|Publication number||US4491172 A|
|Application number||US 06/256,595|
|Publication date||Jan 1, 1985|
|Filing date||Apr 22, 1981|
|Priority date||Apr 22, 1981|
|Also published as||DE3215012A1|
|Publication number||06256595, 256595, US 4491172 A, US 4491172A, US-A-4491172, US4491172 A, US4491172A|
|Original Assignee||Thermal Energy Storage, Inc.|
|Export Citation||BiBTeX, EndNote, RefMan|
|Patent Citations (8), Referenced by (26), Classifications (14), Legal Events (4)|
|External Links: USPTO, USPTO Assignment, Espacenet|
This invention relates to apparatus for providing an efficient storage of energy and for providing for an efficient release of such energy at particular times.
As the cost of fossil energy and other depletable sources of energy rises, expanded efforts are being made to obtain energy from alternative sources such as the sun. However, this source has certain limitations. For example, solar energy is available on Earth only during daylight hours and may then be attenuated by clouds. As a result, the solar energy must be stored when available and then released at times, such as during the night, or during cloudy conditions when energy from the sun cannot be directly provided. Another intermittent source requiring storage is low cost electricity at night by many power distributors.
Although considerable effort has been made to provide an efficient system for storing solar energy, a satisfactory system has still not been provided. This has resulted from the fact that the solar energy accumulated as sensible heat in the systems now in use is stored at relatively low energy density and is being progressively dissipated with time. As a result, only a relatively small proportion of the energy captured from intermittent sources such as the sun has been available for subsequent use in such systems and the energy, when drawn from such systems, appears at decreasing temperatures as the heat storage medium is being cooled. Storage media such as rocks have proven to be a potential health hazard because of their designation of radon gas into the air used for heat removal. Other systems, using phase change materials, have been designed to overcome these limitations, but suffer from other shorcomings such as incongruent melting and inefficient heat transfer. Such systems also have shortcomings in that they lead to formation of refractory phases with low latent heat of crystallization and low solubility.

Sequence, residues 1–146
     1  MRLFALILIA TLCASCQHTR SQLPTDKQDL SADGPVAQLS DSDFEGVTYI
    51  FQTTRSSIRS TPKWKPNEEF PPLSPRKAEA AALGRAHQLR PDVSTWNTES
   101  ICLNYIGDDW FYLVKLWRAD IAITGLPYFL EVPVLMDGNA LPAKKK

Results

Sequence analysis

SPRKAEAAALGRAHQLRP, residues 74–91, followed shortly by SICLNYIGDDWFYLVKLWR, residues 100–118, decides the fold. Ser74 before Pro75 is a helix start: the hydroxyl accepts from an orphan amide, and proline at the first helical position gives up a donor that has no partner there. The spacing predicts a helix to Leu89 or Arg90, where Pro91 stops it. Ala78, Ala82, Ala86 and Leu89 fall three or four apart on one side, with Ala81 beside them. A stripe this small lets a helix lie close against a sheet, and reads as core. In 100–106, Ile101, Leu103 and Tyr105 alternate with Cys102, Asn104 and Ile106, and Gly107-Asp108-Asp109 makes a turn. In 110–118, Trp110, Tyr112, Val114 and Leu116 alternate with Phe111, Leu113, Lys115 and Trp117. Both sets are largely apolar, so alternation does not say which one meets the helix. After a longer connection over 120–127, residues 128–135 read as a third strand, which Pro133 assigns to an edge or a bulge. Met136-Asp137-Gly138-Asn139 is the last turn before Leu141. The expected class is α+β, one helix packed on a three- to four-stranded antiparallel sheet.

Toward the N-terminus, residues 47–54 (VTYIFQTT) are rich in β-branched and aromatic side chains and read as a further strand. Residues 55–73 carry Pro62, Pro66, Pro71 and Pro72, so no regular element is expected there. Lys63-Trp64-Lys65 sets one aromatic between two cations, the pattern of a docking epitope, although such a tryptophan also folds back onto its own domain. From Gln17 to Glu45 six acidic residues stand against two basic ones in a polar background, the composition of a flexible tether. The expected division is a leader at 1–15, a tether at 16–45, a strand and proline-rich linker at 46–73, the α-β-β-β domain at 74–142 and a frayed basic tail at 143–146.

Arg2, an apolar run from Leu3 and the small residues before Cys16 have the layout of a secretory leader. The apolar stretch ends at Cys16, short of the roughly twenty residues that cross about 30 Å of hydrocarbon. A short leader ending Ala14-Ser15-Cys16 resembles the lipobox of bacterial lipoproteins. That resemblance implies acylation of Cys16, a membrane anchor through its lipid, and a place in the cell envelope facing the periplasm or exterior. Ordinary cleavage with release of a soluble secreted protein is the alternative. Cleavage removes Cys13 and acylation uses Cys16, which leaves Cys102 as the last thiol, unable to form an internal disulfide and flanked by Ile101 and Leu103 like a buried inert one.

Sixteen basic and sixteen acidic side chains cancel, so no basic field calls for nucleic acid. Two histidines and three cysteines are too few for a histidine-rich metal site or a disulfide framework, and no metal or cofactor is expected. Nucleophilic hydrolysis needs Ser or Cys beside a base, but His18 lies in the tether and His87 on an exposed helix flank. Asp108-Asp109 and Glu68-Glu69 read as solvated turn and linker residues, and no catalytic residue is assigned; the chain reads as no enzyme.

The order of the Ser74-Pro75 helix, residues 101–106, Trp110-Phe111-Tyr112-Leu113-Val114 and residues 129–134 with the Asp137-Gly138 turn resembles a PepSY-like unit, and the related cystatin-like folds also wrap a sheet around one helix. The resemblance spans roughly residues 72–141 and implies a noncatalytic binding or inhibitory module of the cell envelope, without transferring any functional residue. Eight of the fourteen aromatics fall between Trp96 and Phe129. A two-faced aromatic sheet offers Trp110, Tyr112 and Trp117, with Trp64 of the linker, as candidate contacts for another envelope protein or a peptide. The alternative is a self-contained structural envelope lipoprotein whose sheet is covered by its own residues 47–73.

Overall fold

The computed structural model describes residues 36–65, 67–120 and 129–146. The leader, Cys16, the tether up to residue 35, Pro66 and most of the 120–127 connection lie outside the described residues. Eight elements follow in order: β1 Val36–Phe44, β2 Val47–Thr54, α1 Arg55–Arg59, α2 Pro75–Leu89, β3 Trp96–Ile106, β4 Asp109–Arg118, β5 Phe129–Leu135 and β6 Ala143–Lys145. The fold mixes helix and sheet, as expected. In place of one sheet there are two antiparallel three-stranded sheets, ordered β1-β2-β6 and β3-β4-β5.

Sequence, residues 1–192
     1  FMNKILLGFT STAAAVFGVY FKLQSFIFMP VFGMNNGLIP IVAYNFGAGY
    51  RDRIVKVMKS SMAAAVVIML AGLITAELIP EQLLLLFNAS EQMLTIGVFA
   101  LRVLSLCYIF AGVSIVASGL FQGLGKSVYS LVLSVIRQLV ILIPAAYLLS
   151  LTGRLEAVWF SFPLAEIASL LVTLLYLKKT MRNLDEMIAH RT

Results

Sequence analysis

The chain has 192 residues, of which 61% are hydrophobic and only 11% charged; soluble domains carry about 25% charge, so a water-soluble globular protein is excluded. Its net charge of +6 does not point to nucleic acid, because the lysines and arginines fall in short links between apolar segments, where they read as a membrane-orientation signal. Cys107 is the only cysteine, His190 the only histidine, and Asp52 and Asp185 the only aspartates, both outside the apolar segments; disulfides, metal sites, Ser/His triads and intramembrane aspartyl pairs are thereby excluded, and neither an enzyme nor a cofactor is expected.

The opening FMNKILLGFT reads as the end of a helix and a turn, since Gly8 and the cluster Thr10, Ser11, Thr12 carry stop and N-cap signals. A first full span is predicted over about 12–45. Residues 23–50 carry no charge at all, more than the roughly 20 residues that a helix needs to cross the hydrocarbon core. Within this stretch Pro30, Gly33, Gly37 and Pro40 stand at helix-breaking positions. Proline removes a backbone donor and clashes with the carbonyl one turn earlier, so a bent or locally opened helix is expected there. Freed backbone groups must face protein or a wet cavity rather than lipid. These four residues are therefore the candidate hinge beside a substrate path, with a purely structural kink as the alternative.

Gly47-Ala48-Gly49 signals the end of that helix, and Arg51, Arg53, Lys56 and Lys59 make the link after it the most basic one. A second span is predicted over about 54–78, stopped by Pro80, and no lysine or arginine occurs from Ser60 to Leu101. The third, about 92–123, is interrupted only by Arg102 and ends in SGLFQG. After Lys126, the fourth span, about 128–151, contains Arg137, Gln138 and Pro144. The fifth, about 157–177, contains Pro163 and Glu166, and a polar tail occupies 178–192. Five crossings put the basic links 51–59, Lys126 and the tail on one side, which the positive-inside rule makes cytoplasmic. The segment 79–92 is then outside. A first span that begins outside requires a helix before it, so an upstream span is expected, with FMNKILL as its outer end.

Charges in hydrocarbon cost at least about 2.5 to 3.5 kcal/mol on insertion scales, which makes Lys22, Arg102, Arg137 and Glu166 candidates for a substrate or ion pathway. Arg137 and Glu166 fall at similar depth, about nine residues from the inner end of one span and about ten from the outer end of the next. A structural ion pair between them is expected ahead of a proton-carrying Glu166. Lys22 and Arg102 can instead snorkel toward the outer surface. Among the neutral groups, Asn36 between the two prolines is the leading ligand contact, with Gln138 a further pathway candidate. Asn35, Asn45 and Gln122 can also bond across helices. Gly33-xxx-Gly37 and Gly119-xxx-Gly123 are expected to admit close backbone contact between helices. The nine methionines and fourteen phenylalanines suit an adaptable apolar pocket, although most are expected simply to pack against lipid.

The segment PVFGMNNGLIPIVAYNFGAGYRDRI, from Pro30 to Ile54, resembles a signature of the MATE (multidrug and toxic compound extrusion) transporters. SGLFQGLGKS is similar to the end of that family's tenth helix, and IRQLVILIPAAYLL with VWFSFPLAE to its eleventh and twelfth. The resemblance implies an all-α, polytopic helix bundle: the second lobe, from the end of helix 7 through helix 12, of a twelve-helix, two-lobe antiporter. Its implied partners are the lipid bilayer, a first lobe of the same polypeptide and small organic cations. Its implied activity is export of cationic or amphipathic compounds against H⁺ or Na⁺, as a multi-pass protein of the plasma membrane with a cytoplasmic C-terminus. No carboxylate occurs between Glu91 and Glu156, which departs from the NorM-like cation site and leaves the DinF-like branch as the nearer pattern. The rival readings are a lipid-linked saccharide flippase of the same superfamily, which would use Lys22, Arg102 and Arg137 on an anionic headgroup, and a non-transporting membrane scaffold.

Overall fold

This invention provides apparatus which overcomes the above difficulties. For example, the apparatus of this invention is able to store solar energy for controlled periods of time, and even indefinitely, without any significant loss in such energy. Furthermore, the apparatus of this invention is able to provide an efficient transfer of solar energy and other forms of energy to the storage medium and an efficient transfer of the stored energy at acceptable temperatures to an outlet for such energy such as for use as water or space heating.
In the apparatus of this invention, a container holds a heat storage medium such as aqueous sodium thiosulfate having properties of melting and crystallizing in a particular range of temperatures and of storing energy when converted to the molten state and of releasing such energy when crystallized. The sodium thiosulfate liquid may be chemically basic by the addition to the liquid of a suitable soluble material such as disodium hydrogen phosphate or trisodium phosphate or both. The increase of pH and buffering of the melt prevents the gradual decomposition of sodium thiosulfate that otherwise takes place leading to deterioration of the heat storage medium. This solute also has properties of controlling the size and adhesion properties of the crystals which preferentially form on the heat exchanger surfaces when the latent heat of crystallization is withdrawn from the melt. Alternatively, the potassium and ammonium analogs may be respectively substituted for the disodium hydrogen phosphate and trisodium phosphate.
First and second tubes are disposed in the container, preferably in spaced and nested relationship to one another. The tubes are preferably made from a suitable heat conducting material such as aluminum because aluminum will not corrode in aqueous sodium thiosulfate buffered in the pH range 8-10 by the dissolved phosphate. Pairs of the first and second tubes are bridged by a connecting member which may also be made from aluminum.
The first tubes are connected to provide for the passage of a first fluid through the tubes to transfer solar energy or other forms of energy as heat to the first fluid. The heat is then transferred from the first fluid to the heat storage medium to melt this medium and to heat it further above the melting range. The second tubes are connected to provide for the passage of a second fluid through the tubes to transfer heat from the storage medium to an outlet such as hot tap water or a heat exchanger for space heating.
The heat storage medium may be stirred while in the liquid state to insure an efficient transfer of heat to the heat exchanger fluid. However, the stirring may be discontinued when the medium solidifies at crystallization.
In the drawings:
FIG. 1 is a schematic view, partially in perspective, of apparatus constituting one embodiment of this invention for storing solar or other intermittently available energy and for providing for a release of this energy at particular times;
FIG. 2 is a sectional view of heat transfer members included in the embodiment shown in FIG. 1;
FIG. 3 is a sectional view of the heat transfer members shown in FIG. 2 and is taken substantially on the line 3--3 of FIG. 2;
FIG. 4 is a sectional view of heat transfer members forming a modification of the members shown in FIG. 3;